The reason for that recent adoption is empirical: a few people tried rectified linear units, often on the basis of hunches or heuristic arguments* *A common justification is that $\max(0, z)$ doesn't saturate in the limit of large $z$, unlike sigmoid neurons, and this helps rectified linear units continue learning.

A simple way of expanding the training data is to displace each training image by a single pixel, either up one pixel, down one pixel, left one pixel, or right one pixel.

filter_shape=(20, 1, 5, 5),

poolsize=(2, 2),

activation_fn=ReLU),

filter_shape=(40, 20, 5, 5),

poolsize=(2, 2),

activation_fn=ReLU),

Just to remind you of the flavour of some of the results in that earlier discussion: in 2003 Simard, Steinkraus and Platt* *Best Practices for Convolutional Neural Networks Applied to Visual Document Analysis, by Patrice Simard, Dave Steinkraus, and John Platt (2003).

improved their MNIST performance to $99.6$ percent using a neural network otherwise very similar to ours, using two convolutional-pooling layers, followed by a hidden fully-connected layer with $100$ neurons.

There were a few differences of detail in their architecture - they didn't have the advantage of using rectified linear units, for instance - but the key to their improved performance was expanding the training data.

filter_shape=(20, 1, 5, 5),

poolsize=(2, 2),

activation_fn=ReLU),

filter_shape=(40, 20, 5, 5),

poolsize=(2, 2),

activation_fn=ReLU),

filter_shape=(20, 1, 5, 5),

poolsize=(2, 2),

activation_fn=ReLU),

filter_shape=(40, 20, 5, 5),

poolsize=(2, 2),

activation_fn=ReLU),

Using this, we obtain an accuracy of $99.60$ percent, which is a substantial improvement over our earlier results, especially our main benchmark, the network with $100$ hidden neurons, where we achieved $99.37$ percent.

In fact, I tried experiments with both $300$ and $1,000$ hidden neurons, and obtained (very slightly) better validation performance with $1,000$ hidden neurons.

Why we only applied dropout to the fully-connected layers: If you look carefully at the code above, you'll notice that we applied dropout only to the fully-connected section of the network, not to the convolutional layers.

But apart from that, they used few other tricks, including no convolutional layers: it was a plain, vanilla network, of the kind that, with enough patience, could have been trained in the 1980s (if the MNIST data set had existed), given enough computing power.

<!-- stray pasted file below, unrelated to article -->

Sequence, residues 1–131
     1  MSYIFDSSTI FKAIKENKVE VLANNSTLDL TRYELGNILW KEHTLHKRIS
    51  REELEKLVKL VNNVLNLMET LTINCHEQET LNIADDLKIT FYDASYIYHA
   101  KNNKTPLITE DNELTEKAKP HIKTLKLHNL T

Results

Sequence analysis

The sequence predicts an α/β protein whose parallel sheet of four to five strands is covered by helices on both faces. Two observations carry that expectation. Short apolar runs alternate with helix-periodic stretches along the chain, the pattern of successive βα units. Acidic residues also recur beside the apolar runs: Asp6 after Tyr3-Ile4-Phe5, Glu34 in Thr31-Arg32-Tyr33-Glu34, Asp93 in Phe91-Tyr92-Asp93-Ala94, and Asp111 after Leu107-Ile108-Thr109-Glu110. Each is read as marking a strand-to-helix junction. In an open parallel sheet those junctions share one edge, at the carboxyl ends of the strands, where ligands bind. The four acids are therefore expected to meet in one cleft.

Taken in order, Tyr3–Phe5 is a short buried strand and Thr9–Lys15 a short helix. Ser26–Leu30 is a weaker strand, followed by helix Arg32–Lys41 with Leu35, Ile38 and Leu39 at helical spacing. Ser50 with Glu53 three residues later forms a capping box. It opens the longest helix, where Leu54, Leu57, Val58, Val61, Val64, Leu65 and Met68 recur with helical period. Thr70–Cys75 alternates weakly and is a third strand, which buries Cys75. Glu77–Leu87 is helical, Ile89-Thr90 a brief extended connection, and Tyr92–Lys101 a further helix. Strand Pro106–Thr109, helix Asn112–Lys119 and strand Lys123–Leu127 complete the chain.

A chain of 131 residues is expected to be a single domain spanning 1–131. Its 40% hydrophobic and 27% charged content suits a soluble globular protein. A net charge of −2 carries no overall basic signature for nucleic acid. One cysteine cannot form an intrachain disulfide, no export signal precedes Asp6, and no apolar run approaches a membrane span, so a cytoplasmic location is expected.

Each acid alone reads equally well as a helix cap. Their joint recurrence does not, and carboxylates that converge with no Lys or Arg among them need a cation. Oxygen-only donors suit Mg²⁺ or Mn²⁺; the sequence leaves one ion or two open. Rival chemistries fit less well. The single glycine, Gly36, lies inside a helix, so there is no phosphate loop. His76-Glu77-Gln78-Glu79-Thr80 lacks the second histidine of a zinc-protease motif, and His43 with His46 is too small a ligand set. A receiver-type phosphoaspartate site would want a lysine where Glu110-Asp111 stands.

In particular, we saw that the gradient tends to be quite unstable: as we move from the output layer to earlier layers the gradient tends to either vanish (the vanishing gradient problem) or explode (the exploding gradient problem).

In particular, in our final experiments we trained for $40$ epochs using a data set $5$ times larger than the raw MNIST training data.

I've occasionally heard people adopt a deeper-than-thou attitude, holding that if you're not keeping-up-with-the-Joneses in terms of number of hidden layers, then you're not really doing deep learning.

To speed that process up you may find it helpful to revisit Chapter 3's discussion of how to choose a neural network's hyper-parameters, and perhaps also to look at some of the further reading suggested in that section.

Here's the code (discussion below)* *Note added November 2016: several readers have noted that in the line initializing self.w, I set scale=np.sqrt(1.0/n_out), when the arguments of Chapter 3 suggest a better initialization may be scale=np.sqrt(1.0/n_in).

np.random.normal(

loc=0.0, scale=np.sqrt(1.0/n_out), size=(n_in, n_out)),

dtype=theano.config.floatX),

dtype=theano.config.floatX),

I use the name inpt rather than input because input is a built-in function in Python, and messing with built-ins tends to cause unpredictable behavior and difficult-to-diagnose bugs.

So self.inpt_dropout and self.output_dropout are used during training, while self.inpt and self.output are used for all other purposes, e.g., evaluating accuracy on the validation and test data.

prev_layer, layer = self.layers[j-1], self.layers[j]

prev_layer.output, prev_layer.output_dropout, self.mini_batch_size)

Now, this isn't a Theano tutorial, and so we won't get too deeply into what it means that these are symbolic variables* *The Theano documentation provides a good introduction to Theano.

# define the (regularized) cost function, symbolic gradients, and updates

0.5*lmbda*l2_norm_squared/num_training_batches

for param, grad in zip(self.params, grads)]

self.x:

training_x[i*self.mini_batch_size: (i+1)*self.mini_batch_size],

self.y:

training_y[i*self.mini_batch_size: (i+1)*self.mini_batch_size]

self.x:

validation_x[i*self.mini_batch_size: (i+1)*self.mini_batch_size],

self.y:

validation_y[i*self.mini_batch_size: (i+1)*self.mini_batch_size]

self.x:

test_x[i*self.mini_batch_size: (i+1)*self.mini_batch_size],

self.y:

test_y[i*self.mini_batch_size: (i+1)*self.mini_batch_size]

self.x:

test_x[i*self.mini_batch_size: (i+1)*self.mini_batch_size]

iteration = num_training_batches*epoch+minibatch_index

if iteration

print("Training mini-batch number {0}".format(iteration))

cost_ij = train_mb(minibatch_index)

if (iteration+1)

validation_accuracy = np.mean(